Painter of Northern Ireland's own 'Sistine Chapel' visits his inspired artwork eight decades later
A Moneymore man responsible for the elaborate hand-painting of a church ceiling in the early 1940s has made an emotional return visit to see his work for the first time in nearly 80 years.
Joseph Woods, now 95, was an 18-year-old apprentice signwriter when he took on the work at old Ballyeglish Church, which stands between the villages of Moneymore and Loup in Co Londonderry.
And he revealed how he was inspired by the method Renaissance artist Michelangelo used in painting the famous Sistine Chapel in Rome to create his work of art.
Now living in a residential care home in Cookstown, Joe said he remembered taking on the challenge of painting the ceiling "because no one else could do it".
Eight decades after completing the job, which he says involved him balancing on ladders and planks of wood, he was finally welcomed back through the doors of the church by Rev Dr Adrian Stringer last weekend.
It was a chance to cast his eyes over the decorative church dome again, the pale blue-and-gold design still creating a wonderful image for parishioners and visitors at the 150-year-old church.
Despite his failing eyesight, Joe suffers from macular degeneration which has left him with blurred vision, he said he could see enough to know his work had stood the test of time.
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Joe's daughter Emma McCann helped to arrange her father's return visit.
"It was amazing to see what he did when he was just a young lad," she said.
"Daddy painted all the stars in gold leaf freehand when he was an apprentice in the early 1940s.
"He also painted the scripture wording along the front of the dome.
"We didn't believe him when he told us how he'd managed to do it, walking on wooden planks across the ceiling, just like the way Michelangelo painted the Sistine Chapel.
"All the stars you can see were painted freehand so he must have been steady on his feet and had a very steady hand as well!
"Up close you can see just how intricate they are, with four different patterns and they're all exactly the same distance apart.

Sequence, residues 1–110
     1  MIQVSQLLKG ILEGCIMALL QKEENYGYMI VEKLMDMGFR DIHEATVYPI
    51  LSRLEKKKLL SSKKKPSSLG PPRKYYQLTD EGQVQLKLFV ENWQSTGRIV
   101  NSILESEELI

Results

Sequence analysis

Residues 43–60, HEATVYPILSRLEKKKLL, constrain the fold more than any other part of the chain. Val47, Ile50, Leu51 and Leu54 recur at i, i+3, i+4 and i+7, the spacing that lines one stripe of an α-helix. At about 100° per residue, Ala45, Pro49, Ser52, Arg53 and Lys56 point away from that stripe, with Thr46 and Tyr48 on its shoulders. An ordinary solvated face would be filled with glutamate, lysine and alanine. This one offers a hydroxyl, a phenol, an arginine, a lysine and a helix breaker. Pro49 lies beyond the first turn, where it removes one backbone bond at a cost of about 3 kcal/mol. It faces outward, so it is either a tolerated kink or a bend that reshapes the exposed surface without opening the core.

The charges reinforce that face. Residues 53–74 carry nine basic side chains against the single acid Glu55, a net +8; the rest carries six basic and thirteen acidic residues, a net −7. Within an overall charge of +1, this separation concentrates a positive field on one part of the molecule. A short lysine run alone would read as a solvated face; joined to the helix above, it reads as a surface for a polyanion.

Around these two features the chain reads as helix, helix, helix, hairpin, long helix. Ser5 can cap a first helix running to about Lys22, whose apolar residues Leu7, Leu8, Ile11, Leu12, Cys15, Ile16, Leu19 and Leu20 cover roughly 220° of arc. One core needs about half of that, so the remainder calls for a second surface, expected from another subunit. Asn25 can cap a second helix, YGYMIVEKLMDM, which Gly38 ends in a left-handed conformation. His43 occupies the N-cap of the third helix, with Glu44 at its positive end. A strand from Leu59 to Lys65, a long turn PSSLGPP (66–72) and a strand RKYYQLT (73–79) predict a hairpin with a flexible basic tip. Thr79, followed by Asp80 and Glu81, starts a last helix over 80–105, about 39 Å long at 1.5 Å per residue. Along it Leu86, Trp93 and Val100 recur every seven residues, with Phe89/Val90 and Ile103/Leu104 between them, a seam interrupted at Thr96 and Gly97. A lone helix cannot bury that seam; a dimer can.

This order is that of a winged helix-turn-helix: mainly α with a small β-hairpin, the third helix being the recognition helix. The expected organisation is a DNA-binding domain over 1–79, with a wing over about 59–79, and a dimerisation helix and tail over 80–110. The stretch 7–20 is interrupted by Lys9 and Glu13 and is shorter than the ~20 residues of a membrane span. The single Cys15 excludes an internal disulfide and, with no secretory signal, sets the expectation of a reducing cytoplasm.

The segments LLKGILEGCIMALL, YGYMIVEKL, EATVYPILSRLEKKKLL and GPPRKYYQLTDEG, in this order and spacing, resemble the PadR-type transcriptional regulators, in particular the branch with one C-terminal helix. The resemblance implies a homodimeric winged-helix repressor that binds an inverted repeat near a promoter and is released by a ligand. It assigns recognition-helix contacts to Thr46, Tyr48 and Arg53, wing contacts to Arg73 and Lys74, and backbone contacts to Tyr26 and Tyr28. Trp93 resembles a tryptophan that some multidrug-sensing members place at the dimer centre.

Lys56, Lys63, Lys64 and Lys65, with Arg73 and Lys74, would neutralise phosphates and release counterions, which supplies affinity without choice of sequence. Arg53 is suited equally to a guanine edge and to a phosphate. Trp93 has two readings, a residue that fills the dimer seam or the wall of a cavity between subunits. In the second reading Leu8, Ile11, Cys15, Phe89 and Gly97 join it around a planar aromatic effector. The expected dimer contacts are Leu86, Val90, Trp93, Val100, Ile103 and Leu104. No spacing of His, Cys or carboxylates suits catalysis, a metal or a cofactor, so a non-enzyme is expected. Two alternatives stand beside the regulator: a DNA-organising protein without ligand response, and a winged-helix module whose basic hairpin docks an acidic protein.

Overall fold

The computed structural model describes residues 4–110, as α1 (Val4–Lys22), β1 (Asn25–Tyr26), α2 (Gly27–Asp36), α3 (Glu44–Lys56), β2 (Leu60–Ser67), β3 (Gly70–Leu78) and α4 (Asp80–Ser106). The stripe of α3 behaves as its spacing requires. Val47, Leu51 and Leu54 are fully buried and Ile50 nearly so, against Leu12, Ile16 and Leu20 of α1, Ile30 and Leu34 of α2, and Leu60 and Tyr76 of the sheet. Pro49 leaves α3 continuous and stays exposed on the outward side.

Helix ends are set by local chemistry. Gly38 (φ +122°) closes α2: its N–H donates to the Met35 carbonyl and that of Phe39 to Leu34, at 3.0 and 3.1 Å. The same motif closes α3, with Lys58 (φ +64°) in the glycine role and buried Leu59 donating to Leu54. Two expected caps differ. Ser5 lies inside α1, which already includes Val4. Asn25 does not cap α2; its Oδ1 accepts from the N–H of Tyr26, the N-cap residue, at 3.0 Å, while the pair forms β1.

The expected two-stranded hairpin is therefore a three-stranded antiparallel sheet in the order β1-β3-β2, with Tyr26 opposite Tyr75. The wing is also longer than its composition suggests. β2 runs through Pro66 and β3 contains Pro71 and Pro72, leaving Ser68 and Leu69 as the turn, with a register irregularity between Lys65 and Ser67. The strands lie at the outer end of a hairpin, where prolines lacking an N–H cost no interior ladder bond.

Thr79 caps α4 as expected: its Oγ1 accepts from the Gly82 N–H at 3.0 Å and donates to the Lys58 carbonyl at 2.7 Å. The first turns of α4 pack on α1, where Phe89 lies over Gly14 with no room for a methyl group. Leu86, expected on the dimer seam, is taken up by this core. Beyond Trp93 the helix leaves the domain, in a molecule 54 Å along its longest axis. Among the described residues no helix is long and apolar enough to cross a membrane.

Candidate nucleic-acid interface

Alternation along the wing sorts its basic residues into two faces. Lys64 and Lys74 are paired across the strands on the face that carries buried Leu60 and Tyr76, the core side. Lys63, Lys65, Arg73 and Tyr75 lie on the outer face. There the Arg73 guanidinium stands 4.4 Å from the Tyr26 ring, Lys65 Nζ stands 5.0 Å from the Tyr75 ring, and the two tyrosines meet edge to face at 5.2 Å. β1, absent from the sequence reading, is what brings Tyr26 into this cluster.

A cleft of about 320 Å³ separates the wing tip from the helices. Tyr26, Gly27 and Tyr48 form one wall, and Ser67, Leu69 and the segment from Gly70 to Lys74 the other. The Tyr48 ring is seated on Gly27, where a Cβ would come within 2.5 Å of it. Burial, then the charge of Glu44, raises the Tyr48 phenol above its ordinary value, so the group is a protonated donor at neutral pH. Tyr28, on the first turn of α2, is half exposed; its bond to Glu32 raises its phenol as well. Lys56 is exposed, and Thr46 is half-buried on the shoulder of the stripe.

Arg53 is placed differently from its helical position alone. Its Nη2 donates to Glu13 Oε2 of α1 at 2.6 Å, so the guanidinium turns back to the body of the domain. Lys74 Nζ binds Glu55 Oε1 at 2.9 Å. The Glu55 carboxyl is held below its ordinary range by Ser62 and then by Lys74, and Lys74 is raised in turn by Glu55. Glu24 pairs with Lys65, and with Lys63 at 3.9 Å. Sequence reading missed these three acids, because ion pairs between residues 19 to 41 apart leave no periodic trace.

"Before we went to see the ceiling he told me that he added some words of scripture on the wall around the dome and it's still there, too, looking as great as it ever did.
"He can't remember exactly how long it took him to paint it all, but it did take a whole day to get the scaffolding and planks in place and another day to take it all down again!"
Rev Adrian Stringer of Desertlyn and Ballyeglish Parish said he was thrilled to meet the craftsman behind the unique artwork.
"We've had parishioners asking if we knew who had painted the ceiling and until now we haven't been able to tell them," he said.
"It was lovely to welcome Joe back and I'm thrilled he got to see his work is still looking great after all these years.
"There were plenty of people asking about it when we celebrated our 150th anniversary last year."
Rev Stringer said they will look to improve it some time in the future, but need to find a craftsman to do the work.
He added: "There aren't too many like Joe about these days.
"We were actually amazed to hear how he's managed to do it and I don't think too many would have the nerve or the ability to produce such an intricate piece of artwork in such a location.
"It really is a beautiful piece of work and we're very proud to have it as a feature in our church.
"It's always been a real talking point when people see it for the first time and it was a privilege to finally meet the man responsible."